Tuesday, March 20, 2012

Challenging Behaviors may not be Intentional

All children argue with adults and other children from time to time. It’s a part of growing up and learning to be independent. As parents, we might think our children intentionally argue with everything we say, but the problem may be more complicated. Louise Davis, Mississippi State University Extension Child and Family Development Specialist says the reasons could be beyond the child’s control.

Most children (like many adults) become more irritable and difficult to deal with when they are tired or hungry. So one of the first steps to addressing behavior issues is to follow a schedule and make sure children are getting plenty of rest, exercise and regular, healthy meals. Negative behaviors tend to increase when children are tired, hungry, stressed or upset. Find out what may be causing your child stress and talk about ways he or she can manage it.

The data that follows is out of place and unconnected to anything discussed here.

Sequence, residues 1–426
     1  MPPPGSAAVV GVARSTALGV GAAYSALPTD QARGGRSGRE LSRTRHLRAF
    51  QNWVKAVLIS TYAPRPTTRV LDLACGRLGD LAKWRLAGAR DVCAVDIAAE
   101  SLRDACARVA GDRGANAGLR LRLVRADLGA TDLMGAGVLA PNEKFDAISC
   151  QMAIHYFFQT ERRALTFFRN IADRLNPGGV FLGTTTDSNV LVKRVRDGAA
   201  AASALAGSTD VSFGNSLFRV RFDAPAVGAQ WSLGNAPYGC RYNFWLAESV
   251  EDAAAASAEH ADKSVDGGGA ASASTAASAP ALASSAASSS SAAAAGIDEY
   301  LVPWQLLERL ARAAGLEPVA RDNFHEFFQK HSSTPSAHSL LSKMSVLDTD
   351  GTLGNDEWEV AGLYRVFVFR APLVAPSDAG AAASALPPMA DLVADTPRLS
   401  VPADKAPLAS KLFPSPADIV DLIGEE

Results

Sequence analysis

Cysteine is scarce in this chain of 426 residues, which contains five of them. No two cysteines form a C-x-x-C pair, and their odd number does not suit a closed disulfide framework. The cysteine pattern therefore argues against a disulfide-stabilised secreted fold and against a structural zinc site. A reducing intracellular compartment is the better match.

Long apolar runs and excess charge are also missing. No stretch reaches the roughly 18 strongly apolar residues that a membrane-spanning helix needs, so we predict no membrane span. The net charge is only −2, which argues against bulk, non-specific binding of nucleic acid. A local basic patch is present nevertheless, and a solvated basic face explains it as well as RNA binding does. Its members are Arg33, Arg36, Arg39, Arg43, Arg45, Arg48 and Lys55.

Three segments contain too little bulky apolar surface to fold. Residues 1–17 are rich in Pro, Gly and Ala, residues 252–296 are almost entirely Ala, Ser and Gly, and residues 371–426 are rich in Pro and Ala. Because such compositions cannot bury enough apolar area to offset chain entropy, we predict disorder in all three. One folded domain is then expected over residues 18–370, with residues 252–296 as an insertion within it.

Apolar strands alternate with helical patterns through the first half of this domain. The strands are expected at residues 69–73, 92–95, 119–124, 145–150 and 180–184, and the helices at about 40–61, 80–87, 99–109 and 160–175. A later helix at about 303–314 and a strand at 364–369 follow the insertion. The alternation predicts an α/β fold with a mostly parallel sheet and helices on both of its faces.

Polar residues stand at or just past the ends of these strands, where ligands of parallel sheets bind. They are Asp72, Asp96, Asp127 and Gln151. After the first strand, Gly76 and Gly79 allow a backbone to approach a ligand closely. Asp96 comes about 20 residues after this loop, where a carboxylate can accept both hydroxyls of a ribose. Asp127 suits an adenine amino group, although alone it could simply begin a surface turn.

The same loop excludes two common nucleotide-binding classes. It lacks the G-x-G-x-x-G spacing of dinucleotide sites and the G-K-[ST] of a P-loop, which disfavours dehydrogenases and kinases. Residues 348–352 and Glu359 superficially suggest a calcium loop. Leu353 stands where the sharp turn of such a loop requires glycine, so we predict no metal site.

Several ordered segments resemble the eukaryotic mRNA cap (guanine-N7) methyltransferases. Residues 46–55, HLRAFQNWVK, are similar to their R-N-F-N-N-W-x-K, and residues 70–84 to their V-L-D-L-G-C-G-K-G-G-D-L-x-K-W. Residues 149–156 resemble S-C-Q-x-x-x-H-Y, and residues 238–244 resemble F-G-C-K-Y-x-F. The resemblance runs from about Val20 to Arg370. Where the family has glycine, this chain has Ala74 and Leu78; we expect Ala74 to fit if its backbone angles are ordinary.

Davis also says that children may not understand the adults around them. If children are not following directions, parents may need to explain the expected behavior or task more clearly. This includes clearly stating consequences that mean something to your child and that you will follow through on.

Parents should also consider whether their expectations are reasonable for the developmental age of the child. An example would be expecting a two-year-old the sit still during adult church services. If the same method of guidance is producing the same negative results, then parents need to change what they are doing or saying to improve the outcome.

So when your child’s behavior needs guidance, stop for a minute and ask WHY your child is behaving that way, and what will work best to help him or her control their behavior.

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